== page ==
If you were a girl, you weren’t allowed to do things the boys could do.  One thing that was very strongly encouraged was that the men were “the promise makers” and that women, according to God, were created second and therefore were the handmaidens.  Instead of being encouraged to be a strong, independent kind of woman, I was taught to be more submissive and that the greatest thing to expect in life was to become a wife and mother.  Nothing more.  I had a problem with that!  I envied my brother because, since there was such a focus on nurturing the more masculine values, this meant the boys got to go on adventures like camping trips and cave exploring, while I often was bored waiting around for them to come back.  But that was the least of my grief.  I wanted to do more, be more, look forward to a future that did not mean I would have to revolve my life around a husband and children.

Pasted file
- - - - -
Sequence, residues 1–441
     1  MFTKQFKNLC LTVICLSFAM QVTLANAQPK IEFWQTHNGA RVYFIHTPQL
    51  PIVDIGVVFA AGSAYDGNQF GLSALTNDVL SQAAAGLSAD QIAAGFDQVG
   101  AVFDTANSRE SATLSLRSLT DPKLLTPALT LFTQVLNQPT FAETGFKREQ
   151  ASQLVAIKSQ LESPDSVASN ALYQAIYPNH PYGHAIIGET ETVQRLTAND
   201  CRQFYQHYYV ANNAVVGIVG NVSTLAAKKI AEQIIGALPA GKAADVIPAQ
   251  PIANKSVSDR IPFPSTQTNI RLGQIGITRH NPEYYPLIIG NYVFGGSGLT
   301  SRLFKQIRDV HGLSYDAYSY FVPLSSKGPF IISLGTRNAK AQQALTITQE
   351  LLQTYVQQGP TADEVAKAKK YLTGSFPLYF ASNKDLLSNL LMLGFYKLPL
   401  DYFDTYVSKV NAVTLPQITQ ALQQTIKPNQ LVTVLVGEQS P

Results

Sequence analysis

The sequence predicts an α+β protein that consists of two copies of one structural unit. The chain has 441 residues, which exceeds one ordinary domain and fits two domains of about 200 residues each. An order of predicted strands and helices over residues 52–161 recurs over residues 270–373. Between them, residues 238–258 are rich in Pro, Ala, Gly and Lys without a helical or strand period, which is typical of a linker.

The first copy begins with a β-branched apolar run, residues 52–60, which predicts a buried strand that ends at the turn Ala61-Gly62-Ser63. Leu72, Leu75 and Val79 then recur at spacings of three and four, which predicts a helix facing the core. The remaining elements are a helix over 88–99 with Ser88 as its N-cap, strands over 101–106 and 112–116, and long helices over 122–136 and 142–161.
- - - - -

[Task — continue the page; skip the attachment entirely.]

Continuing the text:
I also think I was too smart to submit.  I was taught not to question things, but that’s not what I learned.  My mother’s example of being actively involved in church, above all, taught me that a woman could lead and make a big difference in other people’s lives.  She didn’t have to be under the thumb of a husband to accomplish this sort of mission.  My mother helped build churches!  She sacrificed her time, energy, and even her health and her children’s comfort all for the sake of God.  Sure, I grew angry about it, even jealous of the people she helped, but in time I appreciated the positive impact my mother made.

Eventually I would discover the rest of the world, and come to spiritual conclusions of my own without someone converting me or convincing me to believe against my conscience.  For many years I felt a little guilty for leaving my mother’s religion because the conditioning — that upbringing — the education side of it was so emotional, it polices your every decision and action, so whenever you dare to think beyond it, the community that drives it shuns you and then makes you think God will turn His back on you, too.  So wrong! Such a misunderstanding and so sad.